Lyrics might be lost in translation, but the energy isn’t

Von Dü ***** (5 stars out of 6); March 1 at Pumpehuset

Reggae-dancehall band Von Dü frequently boast of their high-energy shows heavy on audience interaction, claiming that one can’t help but walk away from a concert with the urge to keep talking about it days afterward. And it was clear that the crowd at Pumpehuset on Friday night were expecting exactly that: the audience anticipation was nearly palpable while waiting for the band to take the stage. Even as a first-time Von Dü concertgoer, I could feel that the enthusiasm was infectious.

When the nine-piece band finally did show up – albeit 90 minutes after the advertised time – the crowd seemed to have barely noticed the delay. A collective cheer rang out from the audience as soon as the group took the stage, and the craze only amplified when lead vocalist Morten Nygaard announced that they were celebrating their fifth anniversary with tonight’s concert.

Von Dü have become an integral part of the Danish reggae scene in the past five years, due largely to their witty lyrics and punchy social commentary. The band’s 2010 debut ‘Tak til de gamle’ (‘Thanks to the old’) garnered critical acclaim for its commentary on social issues like gang violence and police activity around Copenhagen. Their sophomore effort, ‘Beskidte tanker’ (‘Dirty thoughts’), however, has received less-than-ideal reviews for lyrics that are noticeably lighter on political criticism and heavier on cheeky sexual innuendo.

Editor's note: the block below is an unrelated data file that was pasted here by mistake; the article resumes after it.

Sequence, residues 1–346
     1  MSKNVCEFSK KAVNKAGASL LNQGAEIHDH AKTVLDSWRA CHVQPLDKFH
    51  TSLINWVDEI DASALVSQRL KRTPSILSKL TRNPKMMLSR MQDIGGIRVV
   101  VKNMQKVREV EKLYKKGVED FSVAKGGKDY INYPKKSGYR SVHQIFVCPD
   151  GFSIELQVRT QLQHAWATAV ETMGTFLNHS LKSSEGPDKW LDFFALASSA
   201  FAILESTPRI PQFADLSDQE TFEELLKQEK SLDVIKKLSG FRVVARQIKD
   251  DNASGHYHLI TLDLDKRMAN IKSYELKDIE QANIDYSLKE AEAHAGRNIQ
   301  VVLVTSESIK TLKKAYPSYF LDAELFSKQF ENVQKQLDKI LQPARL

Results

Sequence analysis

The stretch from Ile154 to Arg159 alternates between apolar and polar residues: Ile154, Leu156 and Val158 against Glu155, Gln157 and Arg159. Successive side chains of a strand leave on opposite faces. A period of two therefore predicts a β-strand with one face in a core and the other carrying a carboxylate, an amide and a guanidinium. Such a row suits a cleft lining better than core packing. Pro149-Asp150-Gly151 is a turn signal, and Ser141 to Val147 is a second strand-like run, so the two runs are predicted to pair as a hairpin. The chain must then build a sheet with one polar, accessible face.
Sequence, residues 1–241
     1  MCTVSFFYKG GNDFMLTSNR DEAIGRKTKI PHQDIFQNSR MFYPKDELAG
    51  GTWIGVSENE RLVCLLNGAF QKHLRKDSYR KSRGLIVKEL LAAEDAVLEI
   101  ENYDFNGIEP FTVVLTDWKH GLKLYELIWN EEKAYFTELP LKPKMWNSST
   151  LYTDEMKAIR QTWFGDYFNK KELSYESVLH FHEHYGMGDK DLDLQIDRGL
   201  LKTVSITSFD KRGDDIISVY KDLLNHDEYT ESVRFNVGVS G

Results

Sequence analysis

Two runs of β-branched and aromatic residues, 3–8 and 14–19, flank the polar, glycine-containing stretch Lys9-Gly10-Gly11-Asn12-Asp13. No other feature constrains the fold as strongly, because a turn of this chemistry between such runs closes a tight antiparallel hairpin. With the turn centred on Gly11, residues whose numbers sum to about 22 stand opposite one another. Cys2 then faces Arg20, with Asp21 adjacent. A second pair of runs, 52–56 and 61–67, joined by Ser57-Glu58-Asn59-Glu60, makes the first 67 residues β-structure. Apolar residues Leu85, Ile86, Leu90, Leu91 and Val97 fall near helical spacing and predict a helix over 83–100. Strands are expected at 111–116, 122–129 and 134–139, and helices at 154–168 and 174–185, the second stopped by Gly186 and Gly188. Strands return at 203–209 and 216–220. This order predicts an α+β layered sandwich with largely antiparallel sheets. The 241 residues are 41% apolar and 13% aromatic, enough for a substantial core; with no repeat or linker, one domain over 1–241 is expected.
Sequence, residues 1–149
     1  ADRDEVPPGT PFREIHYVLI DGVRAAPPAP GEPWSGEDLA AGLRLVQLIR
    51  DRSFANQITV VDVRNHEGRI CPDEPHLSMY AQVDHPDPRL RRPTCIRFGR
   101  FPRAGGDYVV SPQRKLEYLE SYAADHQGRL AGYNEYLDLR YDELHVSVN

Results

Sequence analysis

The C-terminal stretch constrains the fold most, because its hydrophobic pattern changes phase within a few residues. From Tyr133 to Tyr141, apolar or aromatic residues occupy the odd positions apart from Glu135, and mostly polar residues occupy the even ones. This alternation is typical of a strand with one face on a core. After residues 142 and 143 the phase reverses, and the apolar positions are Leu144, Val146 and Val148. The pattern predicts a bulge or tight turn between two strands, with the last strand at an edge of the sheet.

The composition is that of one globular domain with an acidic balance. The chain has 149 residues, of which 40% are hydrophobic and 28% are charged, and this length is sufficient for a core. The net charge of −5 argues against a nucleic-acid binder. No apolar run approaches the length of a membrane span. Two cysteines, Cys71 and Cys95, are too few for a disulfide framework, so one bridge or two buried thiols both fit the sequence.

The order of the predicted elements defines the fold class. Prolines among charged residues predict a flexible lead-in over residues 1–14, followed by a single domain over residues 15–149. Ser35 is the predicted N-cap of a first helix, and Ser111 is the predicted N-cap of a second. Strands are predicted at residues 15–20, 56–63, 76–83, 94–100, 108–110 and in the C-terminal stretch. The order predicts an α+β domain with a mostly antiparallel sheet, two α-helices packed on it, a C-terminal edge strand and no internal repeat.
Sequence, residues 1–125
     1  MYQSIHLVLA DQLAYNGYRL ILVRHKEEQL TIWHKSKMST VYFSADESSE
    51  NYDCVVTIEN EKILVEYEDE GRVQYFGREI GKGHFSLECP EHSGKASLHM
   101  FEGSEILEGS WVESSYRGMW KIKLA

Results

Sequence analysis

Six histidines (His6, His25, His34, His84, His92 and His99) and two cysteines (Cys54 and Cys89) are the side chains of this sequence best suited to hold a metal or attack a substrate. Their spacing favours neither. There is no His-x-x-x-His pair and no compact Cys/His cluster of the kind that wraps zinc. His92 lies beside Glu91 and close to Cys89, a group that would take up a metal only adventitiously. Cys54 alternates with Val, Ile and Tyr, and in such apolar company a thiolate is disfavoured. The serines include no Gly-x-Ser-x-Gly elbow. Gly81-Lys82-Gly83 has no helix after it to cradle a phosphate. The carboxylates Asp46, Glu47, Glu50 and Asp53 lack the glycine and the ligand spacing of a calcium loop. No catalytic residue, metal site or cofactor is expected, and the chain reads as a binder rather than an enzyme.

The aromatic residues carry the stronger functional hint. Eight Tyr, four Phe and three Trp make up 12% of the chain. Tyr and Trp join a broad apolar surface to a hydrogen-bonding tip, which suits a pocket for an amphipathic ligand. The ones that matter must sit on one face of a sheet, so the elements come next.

But Friday’s show was short on neither. Take, for example, the audience favourite ‘Wienerfritzl’, a critical-yet-catchy tune detailing the life of infamous Austrian rapist Joseph Fritzl (the refrain of which is still engrained in the head of this reviewer). And for contrast, consider ‘Sexy slange’ (‘Sexy snake’), a slightly less serious number that calls upon lyrics like “Don’t be afraid of the sexy snake” to make painfully obvious that the song has nothing to do with reptiles. The band was also joined onstage by rapper/singer/producer Pato Siebenhaar, who accompanied Von Dü on several tracks. The audience soaked up all of it, jumping and singing and shouting along.

Infectious energy aside, Von Dü’s wit and sass might be completely lost on someone who doesn’t speak Danish. Luckily for those of us non-Danes in the audience, however, the band’s undeniable stage presence and knack for incorporating the crowd into their live shows more than made up for the language barrier. I, for one, normally feel far less engaged with music in foreign languages. What’s more, I’m far from a reggae aficionado and don’t exactly fit into Von Dü’s target audience. All of this considered, even I couldn’t resist the urge to clap and dance along.

So, fellow Anglophones: fear not! Even if the subtlest of Von Dü’s witticisms are over your head, it’s safe to venture that you’ll find something else to cheer about.